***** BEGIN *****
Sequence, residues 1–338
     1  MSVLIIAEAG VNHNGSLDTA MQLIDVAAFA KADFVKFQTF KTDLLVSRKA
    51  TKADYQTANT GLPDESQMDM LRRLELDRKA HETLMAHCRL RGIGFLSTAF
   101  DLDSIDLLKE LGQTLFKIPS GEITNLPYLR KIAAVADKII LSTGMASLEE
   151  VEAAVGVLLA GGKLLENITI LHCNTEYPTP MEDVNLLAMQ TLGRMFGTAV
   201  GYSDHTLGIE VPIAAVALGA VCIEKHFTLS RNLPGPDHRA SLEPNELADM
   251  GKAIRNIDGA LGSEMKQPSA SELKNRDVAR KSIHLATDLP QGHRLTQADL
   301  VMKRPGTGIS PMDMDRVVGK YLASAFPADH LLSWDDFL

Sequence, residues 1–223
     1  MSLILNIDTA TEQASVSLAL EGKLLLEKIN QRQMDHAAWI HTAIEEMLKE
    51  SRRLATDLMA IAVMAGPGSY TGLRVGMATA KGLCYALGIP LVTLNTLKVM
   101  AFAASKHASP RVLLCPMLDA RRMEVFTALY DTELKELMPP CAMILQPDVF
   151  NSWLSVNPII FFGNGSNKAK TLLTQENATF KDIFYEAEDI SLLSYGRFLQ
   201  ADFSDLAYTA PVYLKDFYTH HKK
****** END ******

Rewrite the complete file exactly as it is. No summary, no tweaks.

Sequence, residues 1–338
     1  MSVLIIAEAG VNHNGSLDTA MQLIDVAAFA KADFVKFQTF KTDLLVSRKA
    51  TKADYQTANT GLPDESQMDM LRRLELDRKA HETLMAHCRL RGIGFLSTAF
   101  DLDSIDLLKE LGQTLFKIPS GEITNLPYLR KIAAVADKII LSTGMASLEE
   151  VEAAVGVLLA GGKLLENITI LHCNTEYPTP MEDVNLLAMQ TLGRMFGTAV
   201  GYSDHTLGIE VPIAAVALGA VCIEKHFTLS RNLPGPDHRA SLEPNELADM
   251  GKAIRNIDGA LGSEMKQPSA SELKNRDVAR KSIHLATDLP QGHRLTQADL
   301  VMKRPGTGIS PMDMDRVVGK YLASAFPADH LLSWDDFL

Sequence, residues 1–223
     1  MSLILNIDTA TEQASVSLAL EGKLLLEKIN QRQMDHAAWI HTAIEEMLKE
    51  SRRLATDLMA IAVMAGPGSY TGLRVGMATA KGLCYALGIP LVTLNTLKVM
   101  AFAASKHASP RVLLCPMLDA RRMEVFTALY DTELKELMPP CAMILQPDVF
   151  NSWLSVNPII FFGNGSNKAK TLLTQENATF KDIFYEAEDI SLLSYGRFLQ
   201  ADFSDLAYTA PVYLKDFYTH HKK